Cloud Computing

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Cloud Computing is a comprehensive umbrella term. Some analysts and vendors perceive it as just an updated version of utility-computing with virtual servers available over the Internet. Other definitions pose the argument that anything you consume outside the firewall is actually “in the cloud”. Nonetheless, the ability to increase capacity or add capabilities on the fly without the overheads of new infrastructure investments, software liscensing and personnel training cannot be ignored however you define it. Cloud computing encompasses any pay-per-use service or subscription-based service, in real time over the Internet. Cloud computing is simplification of usage and extension of the potentials, it’s about shifting more of your material out “there” and less on PCs or servers that a business runs for itself.

The maintenance burden of applications and servers is no longer going to be your personal heartburn. The capability of scaling systems up or down on demand, access to your data anytime from anywhere with an internet connection are some of the implications. The ability to replace occasional heavy expenditure on IT with regular and predictable operational expenditure is a management boon.

Risks

Nothing comes withhout it’s own inherent risks. Your provider’s downtime or insolvency means loss of your service. No control over how the data is protected poses security concerns. There are also issues concerning regulatory problems when personal data is stored internationally. One-sided service agreements and lock-in dependency on proprietary cloud applications can lead to uncomfortable situations for the user.Let’s have a look at some of the terms prevalent in Cloud Computing.

SaaS (software-as-a-service)

Pre-build applications like Google Mail and Google Docs which can be accessed by simply navigating to a particular url, belong to this category of Cloud Computing.

PaaS (platform-as-a-service)

A set of API’s open for developers to hook into, and, providing them the ability to develop custom applications. They are basically a  set of lower-level services such as an operating system/computer language interpreter/web server offered by a cloud provider. Google App Engine and Microsoft Azure are examples of PaaS.

IaaS (What is infrastructure-as-a-service)

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Amazon’s Elastic Compute Cloud (EC2) is an example of IaaS. Servers or Virtual servers that can be used on a pay-as-you-go scheme are IaaS. Generally cloud suppliers provide add-on services too. Hence, very often, the definitions for PaaS and IaaS overlap.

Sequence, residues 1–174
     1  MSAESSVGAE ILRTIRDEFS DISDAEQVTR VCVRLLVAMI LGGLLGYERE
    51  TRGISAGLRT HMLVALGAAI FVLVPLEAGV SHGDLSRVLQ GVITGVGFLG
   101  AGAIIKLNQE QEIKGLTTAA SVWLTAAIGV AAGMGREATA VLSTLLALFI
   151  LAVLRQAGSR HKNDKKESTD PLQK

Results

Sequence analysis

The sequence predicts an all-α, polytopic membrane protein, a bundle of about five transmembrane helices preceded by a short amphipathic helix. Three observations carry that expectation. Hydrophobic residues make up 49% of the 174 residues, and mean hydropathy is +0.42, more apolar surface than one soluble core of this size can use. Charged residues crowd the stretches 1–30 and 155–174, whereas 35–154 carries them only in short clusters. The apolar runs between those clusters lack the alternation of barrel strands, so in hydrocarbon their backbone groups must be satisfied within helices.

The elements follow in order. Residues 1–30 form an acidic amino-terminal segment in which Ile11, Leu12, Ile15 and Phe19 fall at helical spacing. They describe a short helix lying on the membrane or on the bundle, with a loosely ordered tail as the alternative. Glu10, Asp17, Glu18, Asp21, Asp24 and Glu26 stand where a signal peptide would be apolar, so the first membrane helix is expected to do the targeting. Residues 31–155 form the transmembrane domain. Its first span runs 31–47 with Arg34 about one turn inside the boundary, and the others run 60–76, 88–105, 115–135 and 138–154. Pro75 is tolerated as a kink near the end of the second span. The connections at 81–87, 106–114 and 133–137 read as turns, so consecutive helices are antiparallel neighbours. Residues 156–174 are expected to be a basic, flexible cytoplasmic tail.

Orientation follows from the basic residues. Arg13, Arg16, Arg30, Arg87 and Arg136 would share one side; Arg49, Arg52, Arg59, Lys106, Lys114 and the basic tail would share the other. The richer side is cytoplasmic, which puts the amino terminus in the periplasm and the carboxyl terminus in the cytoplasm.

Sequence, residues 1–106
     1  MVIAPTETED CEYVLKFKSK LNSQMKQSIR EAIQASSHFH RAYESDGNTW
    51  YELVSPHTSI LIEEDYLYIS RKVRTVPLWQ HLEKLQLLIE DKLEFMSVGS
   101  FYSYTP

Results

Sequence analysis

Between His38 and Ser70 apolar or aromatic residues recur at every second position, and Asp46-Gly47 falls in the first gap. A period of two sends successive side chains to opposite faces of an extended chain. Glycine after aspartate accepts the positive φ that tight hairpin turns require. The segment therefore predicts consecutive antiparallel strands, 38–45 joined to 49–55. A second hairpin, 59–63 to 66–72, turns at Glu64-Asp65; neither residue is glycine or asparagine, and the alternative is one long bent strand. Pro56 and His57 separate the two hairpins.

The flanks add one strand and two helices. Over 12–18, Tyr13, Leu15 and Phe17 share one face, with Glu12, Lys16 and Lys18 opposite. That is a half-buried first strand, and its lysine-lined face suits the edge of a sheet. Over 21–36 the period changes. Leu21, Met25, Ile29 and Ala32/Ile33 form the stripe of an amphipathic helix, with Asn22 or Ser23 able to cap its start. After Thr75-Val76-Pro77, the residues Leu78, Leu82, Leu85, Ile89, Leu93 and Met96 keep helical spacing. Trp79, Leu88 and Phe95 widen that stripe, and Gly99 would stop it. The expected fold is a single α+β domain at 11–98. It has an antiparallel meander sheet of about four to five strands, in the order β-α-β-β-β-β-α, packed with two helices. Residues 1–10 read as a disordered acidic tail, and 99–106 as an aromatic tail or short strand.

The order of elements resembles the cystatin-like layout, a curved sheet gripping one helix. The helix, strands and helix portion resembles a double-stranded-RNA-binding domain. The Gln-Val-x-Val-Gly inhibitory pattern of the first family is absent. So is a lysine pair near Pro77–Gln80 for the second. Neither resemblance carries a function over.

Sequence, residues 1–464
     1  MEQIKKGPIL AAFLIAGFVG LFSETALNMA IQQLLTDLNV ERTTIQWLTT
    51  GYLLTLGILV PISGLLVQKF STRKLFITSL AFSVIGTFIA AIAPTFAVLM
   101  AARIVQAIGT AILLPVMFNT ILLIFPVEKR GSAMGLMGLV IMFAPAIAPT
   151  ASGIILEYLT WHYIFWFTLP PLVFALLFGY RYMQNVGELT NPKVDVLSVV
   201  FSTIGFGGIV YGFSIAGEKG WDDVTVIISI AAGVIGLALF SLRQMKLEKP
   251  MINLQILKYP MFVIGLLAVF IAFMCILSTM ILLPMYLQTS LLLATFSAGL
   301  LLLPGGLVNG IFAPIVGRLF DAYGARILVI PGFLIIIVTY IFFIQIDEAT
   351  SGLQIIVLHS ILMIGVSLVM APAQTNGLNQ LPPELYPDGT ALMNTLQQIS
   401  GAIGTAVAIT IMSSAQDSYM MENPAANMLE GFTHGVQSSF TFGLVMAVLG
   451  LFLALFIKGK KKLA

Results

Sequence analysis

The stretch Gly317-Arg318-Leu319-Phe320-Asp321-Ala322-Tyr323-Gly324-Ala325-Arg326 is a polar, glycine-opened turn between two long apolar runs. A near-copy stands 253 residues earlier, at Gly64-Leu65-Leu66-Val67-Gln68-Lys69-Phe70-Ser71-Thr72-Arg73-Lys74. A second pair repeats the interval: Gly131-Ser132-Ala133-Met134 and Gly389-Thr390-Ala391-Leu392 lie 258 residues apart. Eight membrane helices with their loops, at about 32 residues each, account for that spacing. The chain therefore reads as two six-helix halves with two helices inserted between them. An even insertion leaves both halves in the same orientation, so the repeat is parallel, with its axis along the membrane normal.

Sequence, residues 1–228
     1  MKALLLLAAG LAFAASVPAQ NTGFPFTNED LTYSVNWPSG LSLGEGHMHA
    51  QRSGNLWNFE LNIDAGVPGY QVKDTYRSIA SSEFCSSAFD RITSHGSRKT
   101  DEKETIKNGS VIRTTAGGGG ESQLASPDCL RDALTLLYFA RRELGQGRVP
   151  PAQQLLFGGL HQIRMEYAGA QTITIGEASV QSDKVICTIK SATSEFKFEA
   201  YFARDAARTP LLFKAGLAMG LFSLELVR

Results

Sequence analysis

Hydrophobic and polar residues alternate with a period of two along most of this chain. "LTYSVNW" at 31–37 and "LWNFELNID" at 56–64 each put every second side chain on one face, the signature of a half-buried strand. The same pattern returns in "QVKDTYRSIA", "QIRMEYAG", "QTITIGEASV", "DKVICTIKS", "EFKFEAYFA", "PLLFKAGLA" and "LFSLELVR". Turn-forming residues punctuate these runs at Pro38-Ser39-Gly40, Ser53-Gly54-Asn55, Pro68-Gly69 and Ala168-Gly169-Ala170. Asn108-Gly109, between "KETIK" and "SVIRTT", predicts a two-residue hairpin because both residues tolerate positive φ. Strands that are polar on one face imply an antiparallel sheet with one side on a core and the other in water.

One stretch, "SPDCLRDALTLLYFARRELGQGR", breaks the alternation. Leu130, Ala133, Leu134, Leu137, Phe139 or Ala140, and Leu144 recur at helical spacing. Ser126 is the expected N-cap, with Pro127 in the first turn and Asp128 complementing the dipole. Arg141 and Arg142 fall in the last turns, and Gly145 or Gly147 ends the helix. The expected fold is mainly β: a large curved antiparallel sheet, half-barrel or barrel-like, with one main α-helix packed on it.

Multi-tenancy

An application like Salesforce.com where a single Cloud-hosted application is shared by a number of customers signify Multi-tenancy. Although the application is shared, obviously, each user has access to his own data. This is the most cost-effective form of Cloud computing.

Public, private and hybrid clouds

Providers like Google, Amazon and salesforce.com are public clouds. Here the shared services are open to all.By building a cloud-like infrastructure at your own data centre, the benefits of cloud computing can be reaped without the risk of a third party handling your data. This would be a Private cloud.A cloud which comprises a Private cloud and using a Public cloud too, would be categorised as a Hybrid cloud.

A peek into Amazon’s cloud computing platform

From it’s experience in the e-commerce domain, Amazon adapted the techniques for massive scaling it learnt and applied them to a service offered to others at commodity prices. Chief services include:1)Elastic Compute Cloud (EC2) for virtual servers running Linux or Windows2)Simple Storage Service (S3) for storing files in the cloud. Amazon also offers database and payment services. It is is a platform for developers.

A peek into Google’s cloud computing platform

Chief services include email, online documents like word processor, spreadsheet and presentation graphics – stored on the cloud and edited in the browser, payments and mapping services.  It also offers a platform for Python and Java devlopers to build custom applications.

A peek into salesforce.com cloud computing platform

A multi- tenanted application for CRM (customer relationship management) is the core of the platform. An extension names as Force.com using it’s own programming language called Apex was plugged into it. Cloud computing may be thought of as a form of “sky computing” consisting of a number of isolated clouds of services, wherein customers must plug into individually. Although with the emergence of cloud computing aggregators and integrators, this requirement of ‘individually plugging into’ may be short-lived. With the advent of Service-Oriented-Architecture(SOA) and virtualisation in the enterprise, coupled with the concept of a scalable, agile infrastructure powering loosely coupled services, we may soon reach a stage where every enterprise is a node in the cloud.It’s still at a tender stage, but in the list of major metatrends, cloud computing is definitely in the Uppercase.

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